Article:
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The Techniques of Cesar Chavez in David Cortright's Book, Gandhi and Beyond

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Nonviolent disobedience is one of the most effective ways to make a change. Gandhi freed India from the British Empire through it. Martin Luther King Jr. propelled the civil rights movement with it. Cesar Chavez used it to bring rights to laborers in the field with the Untied Farmworkers movement. Although Chavez sometimes disappears in the shadow of the great American pacifist, MLK Jr., he is still regarded as being “one of the greatest nonviolent leaders in U.S. history” (Cortright, p. 73). In David Cortright’s book, Gandhi and Beyond, he reflects on different nonviolent leaders and the ways that they operate. In this paper, I will share reaction to part of Chavez’s techniques.

“When Chavez launched la causa in 1962, farmworkers were paid as little as a dollar an hour” (Cortright, 73). Cesar Chavez was one of these farmworkers. He grew up working and moving from farm to farm trying to find work. During this time, most of the farmworkers were immigrants who were subject to severe racism and unfair working rights. Chavez set about to change that through nonviolent resistance. He was influenced deeply by his Catholic upbringings, as well as through the teachings of Mohindas Gandhi. One of the first major moves by Chavez was la huelga, or ‘the great grape strike.’ In 1965, a small group of Filipino workers went on strike due to a lowering of their wages. They called upon the small, newly founded Farmworkers Association for help. Chavez answered the call and organized a grape strike in California’s Coachella Valley of about five thousand workers. The strike kept going in 1966, and to “dramatize the continuing struggle” (Cortright, 81) Chavez organized a march from Delano, CA, to Sacramento. This was a method that had been effectively used by both Gandhi and King to promote their cause. Chavez’s march, or peregrinacion, was one of the final tipping points for la huelga. As the marchers arrived in Sacramento, they numbered in the thousands, and many of the major grape growers in the Valley agreed to recognize the Farmer’s Association.

Chavez’s use of the protest march was impeccable. His strike on grape growers was nearing a standstill, but his pilgrimage refueled the entire valley and ended the strike much sooner than it would have otherwise. He also put the farmworkers’ plight on the national stage and helped gain support of many prominent individuals, including Senator Robert F. Kennedy who was a proponent of the Farmworkers Association for the rest of his life. I was very inspired by Chavez’s methods of nonviolent resistance and his persistence that eventually led to much better working conditions for the farm laborers. I am also continually amazed by the power of nonviolent resistance: “Common discourse generally associates violence with ‘bad’ and non-violence with ‘good’” (Bond, p. 81). Bond juxtaposes the social connotations of non-violent with violent. People are more likely to be inspired and uplifted by a non-violent action because it has that positive connotation with it. The connotations of violent and non-violent also hold in other scenarios. If a non-violent demonstration is responded to by violence from the oppressing power, negative attention is brought on the act. In so many instances throughout history, a violent reaction to a non-violent action has resulted in public outrage and lead to even more civil disobedience. Japanese rule in Korea during the 1910’s was harsh. But “At 2 pm on March 1st of 1919, 33 nationalist leaders gathered at Taehwagwan Restaurant in Seoul and read out the Korean Declaration of Independence. The same thing happened in other appointed sites throughout Korea at the same time. Masses assembled and started peaceful demonstrations…” (Lee, p. 1). This bold non-violent act brought harsh Japanese retribution. An estimated 7,500 Koreans were killed that day by Japanese enforcers. However, though Korean freedom did not occur right away, this act brought a lot of negative pressure and feelings towards the Japanese from all over, and brought a lot of positive vibes to the Koreans who were seen as heroically standing up for what they believe in.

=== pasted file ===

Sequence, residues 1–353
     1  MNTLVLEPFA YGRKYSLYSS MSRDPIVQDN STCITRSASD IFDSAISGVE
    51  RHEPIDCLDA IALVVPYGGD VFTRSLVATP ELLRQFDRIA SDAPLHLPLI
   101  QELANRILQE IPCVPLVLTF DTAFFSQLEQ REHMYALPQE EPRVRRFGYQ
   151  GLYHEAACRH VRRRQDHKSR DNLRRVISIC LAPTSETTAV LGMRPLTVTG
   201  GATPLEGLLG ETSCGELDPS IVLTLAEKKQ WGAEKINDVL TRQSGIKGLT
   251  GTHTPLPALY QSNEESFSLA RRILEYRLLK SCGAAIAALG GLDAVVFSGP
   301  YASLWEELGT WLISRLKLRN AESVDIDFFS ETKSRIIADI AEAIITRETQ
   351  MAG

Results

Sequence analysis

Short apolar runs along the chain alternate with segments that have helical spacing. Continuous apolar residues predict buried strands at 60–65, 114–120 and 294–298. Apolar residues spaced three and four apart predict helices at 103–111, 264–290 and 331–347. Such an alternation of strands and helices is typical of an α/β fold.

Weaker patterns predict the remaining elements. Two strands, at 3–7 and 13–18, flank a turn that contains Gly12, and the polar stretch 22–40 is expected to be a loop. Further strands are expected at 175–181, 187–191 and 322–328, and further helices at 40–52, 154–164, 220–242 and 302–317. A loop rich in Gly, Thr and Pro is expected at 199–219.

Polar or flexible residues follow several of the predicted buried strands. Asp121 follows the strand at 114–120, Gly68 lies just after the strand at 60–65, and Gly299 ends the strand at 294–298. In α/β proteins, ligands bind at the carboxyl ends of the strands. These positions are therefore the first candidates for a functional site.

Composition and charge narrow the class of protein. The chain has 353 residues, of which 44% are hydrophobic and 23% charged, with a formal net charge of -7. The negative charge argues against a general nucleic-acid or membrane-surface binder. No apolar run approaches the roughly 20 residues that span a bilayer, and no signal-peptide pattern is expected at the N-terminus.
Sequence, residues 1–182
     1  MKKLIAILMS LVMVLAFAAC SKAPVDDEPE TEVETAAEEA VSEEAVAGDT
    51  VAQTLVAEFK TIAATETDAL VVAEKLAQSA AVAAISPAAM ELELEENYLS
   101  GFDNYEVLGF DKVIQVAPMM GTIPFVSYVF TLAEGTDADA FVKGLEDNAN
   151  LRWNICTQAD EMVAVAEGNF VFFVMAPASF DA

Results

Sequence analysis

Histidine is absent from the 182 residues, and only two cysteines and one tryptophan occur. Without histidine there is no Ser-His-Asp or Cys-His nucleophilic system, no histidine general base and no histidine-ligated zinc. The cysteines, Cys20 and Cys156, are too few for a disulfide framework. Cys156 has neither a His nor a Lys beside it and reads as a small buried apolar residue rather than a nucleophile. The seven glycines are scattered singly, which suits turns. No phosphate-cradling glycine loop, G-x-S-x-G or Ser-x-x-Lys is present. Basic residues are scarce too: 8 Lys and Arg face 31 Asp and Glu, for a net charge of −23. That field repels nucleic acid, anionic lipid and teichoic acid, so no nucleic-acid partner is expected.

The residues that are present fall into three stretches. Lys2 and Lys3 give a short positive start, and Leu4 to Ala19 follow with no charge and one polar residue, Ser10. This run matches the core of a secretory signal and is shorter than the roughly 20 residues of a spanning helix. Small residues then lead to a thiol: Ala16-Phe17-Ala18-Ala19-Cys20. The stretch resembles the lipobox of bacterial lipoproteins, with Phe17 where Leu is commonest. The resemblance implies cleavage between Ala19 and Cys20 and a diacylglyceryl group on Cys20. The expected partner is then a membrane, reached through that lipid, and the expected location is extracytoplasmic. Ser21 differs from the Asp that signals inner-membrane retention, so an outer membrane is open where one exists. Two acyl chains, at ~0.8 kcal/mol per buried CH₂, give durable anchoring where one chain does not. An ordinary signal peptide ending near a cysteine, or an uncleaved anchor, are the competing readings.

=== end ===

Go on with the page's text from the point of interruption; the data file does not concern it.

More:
I opened this paper with a quote from Martin Luther King Jr. The quote presents an analogy of human oppression. I like to use that quote when thinking of violent and non-violent disobedience. If you pinch the man’s ankles while he rides your back, he can stay on if he is determined. But if you refuse to move, he will surely grow impatient and get off. Only then can you stand up.

Is non-violent resistance as effective or more or less effective than it was during the time of Chavez?

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GradesFixer. (2018, October, 16) The Techniques of Cesar Chavez in David Cortright’s Book, Gandhi and Beyond. Retrived June 5, 2020, from https://gradesfixer.com/free-essay-examples/the-techniques-of-cesar-chavez-in-david-cortrights-book-gandhi-and-beyond/
"The Techniques of Cesar Chavez in David Cortright’s Book, Gandhi and Beyond." GradesFixer, 16 Oct. 2018, https://gradesfixer.com/free-essay-examples/the-techniques-of-cesar-chavez-in-david-cortrights-book-gandhi-and-beyond/. Accessed 5 June 2020.
GradesFixer. 2018. The Techniques of Cesar Chavez in David Cortright’s Book, Gandhi and Beyond., viewed 5 June 2020, <https://gradesfixer.com/free-essay-examples/the-techniques-of-cesar-chavez-in-david-cortrights-book-gandhi-and-beyond/>
GradesFixer. The Techniques of Cesar Chavez in David Cortright’s Book, Gandhi and Beyond. [Internet]. October 2018. [Accessed June 5, 2020]. Available from: https://gradesfixer.com/free-essay-examples/the-techniques-of-cesar-chavez-in-david-cortrights-book-gandhi-and-beyond/
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